Compared to many other Elvish tongues, Quenya was archaic. It preserved the main features of the original Elvish language, invented by the Elves when they first awoke by the mere of Cuiviénen - a tongue with "many...beautiful words, and many cunning artifices of speech" (WJ:422). In fact, the Silmarillion Index refers to Quenya as "the ancient tongue, common to all Elves, in the form it took in Valinor" in Aman - as if Quenya was so similar to Primitive Elvish that it was merely as a later form of it, not a new language. Indeed Primitive Elvish and Quenya may have been mutually intelligible, but it must not be thought that they were almost identical. In Valinor, the ancient Elvish tongue underwent certain changes: "Its altering ...[came] in the making of new words (for things old and new) and in the softening and harmonizing of the sounds and patterns of the Quendian tongue to forms that seemed to the Noldor more beautiful" (WJ:20). The sounds b and d became v and l (or n) initially, final long vowels were shortened, unstressed medial vowels often disappeared, and many consonant clusters underwent metathesis or other changes, generally making them easier to pronounce. Quenya also adopted and adapted a few words from the language of the rulers of Aman - the Valar, the Angelic Powers guarding the world on behalf of its Creator. However, the Valar themselves encouraged the Elves to "make new words of their own style, or...translate the meaning of names into fair Eldarin forms" instead of retaining or adapting Valarin words (WJ:405). It is stated that the Noldor "were changeful in speech, for they had great love of words, and sought ever to find names more fit for all things that they knew or imagined" (Silm. ch. 5).
In Aman, Quenya was spoken not only by the Vanyar and the Noldor, but also by the Valar: "The Valar appear quickly to have adopted Quenya" after the arrival of the Elves, and their own tongue, Valarin, was not often heard by the Eldar: "Indeed it is said that often the Valar and Maiar might be heard speaking Quenya among themselves" (WJ:305). Pengolodh the sage of Gondolin notes: "In the histories the Valar are always presented as speaking Quenya in all circumstances. But this cannot proceed from translation by the Eldar, few of which knew Valarin. The translation must have been made by the Valar or Maiar themselves. Indeed those histories or legends that deal with times before the awakening of the Quendi, or with the uttermost past, or with things that the Eldar could not have known, must have been presented from the first in Quenya by the Valar or the Maiar when they instructed the Eldar." He mentions the Ainulindalë as an example: "It must...have been from the first presented to us not only in the words of Quenya, but also according to our modes of thought." Indeed even Melkor learnt Quenya, and learnt it well. "Alas," Pengolodh notes, "in Valinor Melkor used the Quenya with such mastery that all the Eldar were amazed, for his use could not be bettered, scarce equalled even, by the poets and the loremasters." (VT39:27)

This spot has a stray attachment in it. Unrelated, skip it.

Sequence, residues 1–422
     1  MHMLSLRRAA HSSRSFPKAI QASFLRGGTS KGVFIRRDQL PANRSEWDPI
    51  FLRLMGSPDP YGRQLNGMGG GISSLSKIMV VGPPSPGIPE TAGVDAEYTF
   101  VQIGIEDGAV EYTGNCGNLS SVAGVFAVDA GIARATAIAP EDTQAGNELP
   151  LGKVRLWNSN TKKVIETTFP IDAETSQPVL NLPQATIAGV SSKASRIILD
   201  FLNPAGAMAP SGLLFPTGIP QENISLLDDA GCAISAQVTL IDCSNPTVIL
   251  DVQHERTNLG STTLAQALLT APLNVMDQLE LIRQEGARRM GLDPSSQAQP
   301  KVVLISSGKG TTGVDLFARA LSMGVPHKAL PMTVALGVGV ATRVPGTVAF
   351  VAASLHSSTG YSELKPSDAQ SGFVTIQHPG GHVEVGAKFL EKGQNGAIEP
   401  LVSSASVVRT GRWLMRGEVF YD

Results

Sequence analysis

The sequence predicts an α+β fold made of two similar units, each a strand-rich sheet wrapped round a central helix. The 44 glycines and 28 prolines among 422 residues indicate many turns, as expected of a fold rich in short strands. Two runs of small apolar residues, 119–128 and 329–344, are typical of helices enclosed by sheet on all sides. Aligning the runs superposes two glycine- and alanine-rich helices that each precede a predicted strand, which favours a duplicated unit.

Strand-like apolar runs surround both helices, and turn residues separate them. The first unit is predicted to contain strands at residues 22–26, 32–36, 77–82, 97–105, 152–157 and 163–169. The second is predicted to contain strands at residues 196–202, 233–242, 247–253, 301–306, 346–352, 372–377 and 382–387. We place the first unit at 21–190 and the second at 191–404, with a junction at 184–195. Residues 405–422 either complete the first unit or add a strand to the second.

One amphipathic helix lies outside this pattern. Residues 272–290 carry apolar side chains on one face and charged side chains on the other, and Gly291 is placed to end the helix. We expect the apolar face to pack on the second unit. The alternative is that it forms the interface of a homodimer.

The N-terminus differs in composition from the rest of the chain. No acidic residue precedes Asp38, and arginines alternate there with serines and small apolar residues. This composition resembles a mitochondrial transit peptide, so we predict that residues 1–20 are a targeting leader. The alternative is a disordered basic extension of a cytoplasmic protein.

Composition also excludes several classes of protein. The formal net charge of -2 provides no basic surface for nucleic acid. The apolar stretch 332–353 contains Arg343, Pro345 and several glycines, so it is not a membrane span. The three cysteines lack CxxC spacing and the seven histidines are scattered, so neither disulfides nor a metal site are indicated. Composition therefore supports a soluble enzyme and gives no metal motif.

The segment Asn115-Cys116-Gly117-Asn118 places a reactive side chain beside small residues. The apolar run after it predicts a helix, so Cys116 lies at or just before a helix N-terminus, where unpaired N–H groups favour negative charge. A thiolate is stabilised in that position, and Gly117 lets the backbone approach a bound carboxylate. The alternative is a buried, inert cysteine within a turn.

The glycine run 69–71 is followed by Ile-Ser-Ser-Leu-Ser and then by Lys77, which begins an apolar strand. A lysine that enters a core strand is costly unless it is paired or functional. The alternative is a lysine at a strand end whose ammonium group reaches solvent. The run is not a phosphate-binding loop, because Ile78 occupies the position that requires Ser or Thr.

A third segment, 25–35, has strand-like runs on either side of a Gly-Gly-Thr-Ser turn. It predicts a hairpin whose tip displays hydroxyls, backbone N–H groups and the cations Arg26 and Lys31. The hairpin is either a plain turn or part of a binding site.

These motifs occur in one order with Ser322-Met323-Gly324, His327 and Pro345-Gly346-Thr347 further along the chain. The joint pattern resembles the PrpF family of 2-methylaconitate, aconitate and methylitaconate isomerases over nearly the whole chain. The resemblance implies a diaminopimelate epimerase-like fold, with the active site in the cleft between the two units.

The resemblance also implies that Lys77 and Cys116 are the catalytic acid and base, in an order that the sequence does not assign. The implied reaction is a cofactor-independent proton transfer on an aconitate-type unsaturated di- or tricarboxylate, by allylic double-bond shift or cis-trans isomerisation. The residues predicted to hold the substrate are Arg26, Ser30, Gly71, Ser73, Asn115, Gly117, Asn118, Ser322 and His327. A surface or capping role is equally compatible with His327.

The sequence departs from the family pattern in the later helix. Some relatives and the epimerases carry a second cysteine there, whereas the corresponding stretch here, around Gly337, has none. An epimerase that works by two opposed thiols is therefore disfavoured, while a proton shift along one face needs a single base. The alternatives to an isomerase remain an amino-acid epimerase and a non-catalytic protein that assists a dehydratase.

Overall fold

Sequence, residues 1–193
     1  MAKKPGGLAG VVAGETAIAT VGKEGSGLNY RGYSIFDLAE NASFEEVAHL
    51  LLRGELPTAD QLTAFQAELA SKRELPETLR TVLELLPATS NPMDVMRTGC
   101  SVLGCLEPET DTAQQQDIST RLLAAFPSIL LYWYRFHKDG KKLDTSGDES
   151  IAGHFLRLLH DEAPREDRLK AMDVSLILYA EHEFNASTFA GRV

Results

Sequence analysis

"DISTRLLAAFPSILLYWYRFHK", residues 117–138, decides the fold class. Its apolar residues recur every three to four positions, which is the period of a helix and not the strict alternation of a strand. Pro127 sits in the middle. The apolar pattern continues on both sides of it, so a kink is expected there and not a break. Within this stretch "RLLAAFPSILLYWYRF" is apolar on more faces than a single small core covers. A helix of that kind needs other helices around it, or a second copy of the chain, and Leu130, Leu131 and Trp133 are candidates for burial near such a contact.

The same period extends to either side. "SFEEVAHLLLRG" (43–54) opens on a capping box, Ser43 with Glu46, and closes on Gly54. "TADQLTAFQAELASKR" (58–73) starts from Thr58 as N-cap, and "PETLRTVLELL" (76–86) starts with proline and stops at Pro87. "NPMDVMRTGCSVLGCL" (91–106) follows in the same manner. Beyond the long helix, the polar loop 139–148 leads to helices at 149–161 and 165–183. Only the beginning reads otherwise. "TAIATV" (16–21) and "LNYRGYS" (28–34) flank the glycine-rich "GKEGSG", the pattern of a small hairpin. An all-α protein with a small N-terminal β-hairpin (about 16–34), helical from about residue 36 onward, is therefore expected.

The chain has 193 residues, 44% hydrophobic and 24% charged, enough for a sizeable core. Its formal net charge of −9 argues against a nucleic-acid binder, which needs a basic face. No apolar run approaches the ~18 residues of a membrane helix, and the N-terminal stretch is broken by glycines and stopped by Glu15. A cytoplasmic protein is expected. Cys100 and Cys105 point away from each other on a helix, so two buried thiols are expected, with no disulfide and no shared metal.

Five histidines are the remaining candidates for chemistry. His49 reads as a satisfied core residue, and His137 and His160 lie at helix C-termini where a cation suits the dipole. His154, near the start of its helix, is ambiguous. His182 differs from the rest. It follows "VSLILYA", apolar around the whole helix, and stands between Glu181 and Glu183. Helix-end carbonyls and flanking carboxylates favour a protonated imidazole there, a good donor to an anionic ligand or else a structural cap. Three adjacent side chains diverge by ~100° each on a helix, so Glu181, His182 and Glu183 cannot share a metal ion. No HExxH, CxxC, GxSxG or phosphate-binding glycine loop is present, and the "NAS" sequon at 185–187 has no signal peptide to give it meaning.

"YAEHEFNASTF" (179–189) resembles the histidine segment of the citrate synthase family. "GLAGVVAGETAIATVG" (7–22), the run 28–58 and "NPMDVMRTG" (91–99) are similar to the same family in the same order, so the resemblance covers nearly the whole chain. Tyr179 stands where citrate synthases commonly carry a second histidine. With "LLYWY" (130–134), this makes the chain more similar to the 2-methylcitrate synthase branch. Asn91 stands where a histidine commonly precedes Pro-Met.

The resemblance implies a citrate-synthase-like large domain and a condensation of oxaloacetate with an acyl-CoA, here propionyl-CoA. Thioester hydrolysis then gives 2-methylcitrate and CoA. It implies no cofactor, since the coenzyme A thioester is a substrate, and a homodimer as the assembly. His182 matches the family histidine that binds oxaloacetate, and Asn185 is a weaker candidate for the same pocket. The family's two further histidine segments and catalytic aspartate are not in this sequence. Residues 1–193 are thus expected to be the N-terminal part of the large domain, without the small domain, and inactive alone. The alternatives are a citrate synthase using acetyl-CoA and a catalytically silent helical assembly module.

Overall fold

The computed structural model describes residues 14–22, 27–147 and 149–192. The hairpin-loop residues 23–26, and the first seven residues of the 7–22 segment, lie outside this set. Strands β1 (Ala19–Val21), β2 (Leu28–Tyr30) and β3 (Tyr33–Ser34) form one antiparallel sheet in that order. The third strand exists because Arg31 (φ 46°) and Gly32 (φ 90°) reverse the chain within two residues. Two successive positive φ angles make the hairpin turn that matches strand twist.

When Rúmil invented letters, Quenya became the first language to be recorded in writing (Silm. ch. 6, LotR Appendix F). But outside the Blessed Realm of Aman, Quenya would never have been known if it had not been for the rebellion of the Noldor in the First Age. Most of this clan left Aman and went into exile in Middle-earth, bringing the High-elven tongue with them. In Middle-earth the Noldor were greatly outnumbered by the native Sindar or Grey-elves, who spoke a clearly related, yet quite different language. The Sindarin tongue had long since dropped the case inflections that were still preserved in Quenya, and the general sound of the two languages differed much - Quenya was much more vocalic than Sindarin and had a very limited distribution of the voiced stops b, d, g, that were frequent in Sindarin. As it turned out, "the Noldor...learned swiftly the speech of Beleriand [i.e. Sindarin], whereas the Sindar were slow to master the tongue of Valinor [i.e. Quenya]". Twenty years after the coming of the Noldor to Middle-earth, "the tongue of the Grey-elves was most spoken even by the Noldor" (Silm. ch. 13). When King Thingol of Doriath finally learnt that the Noldor had killed many of his kinsfolk among the Teleri and stolen their ships when they left Valinor, he banned the use of Quenya throughout his realm. Consequently, "the Exiles took the Sindarin tongue in all their daily uses, and the High Speech of the West was spoken only by the lords of the Noldor among themselves. Yet that speech lived ever as a language of lore, wherever any of that people dwelt" (Silm. ch. 15).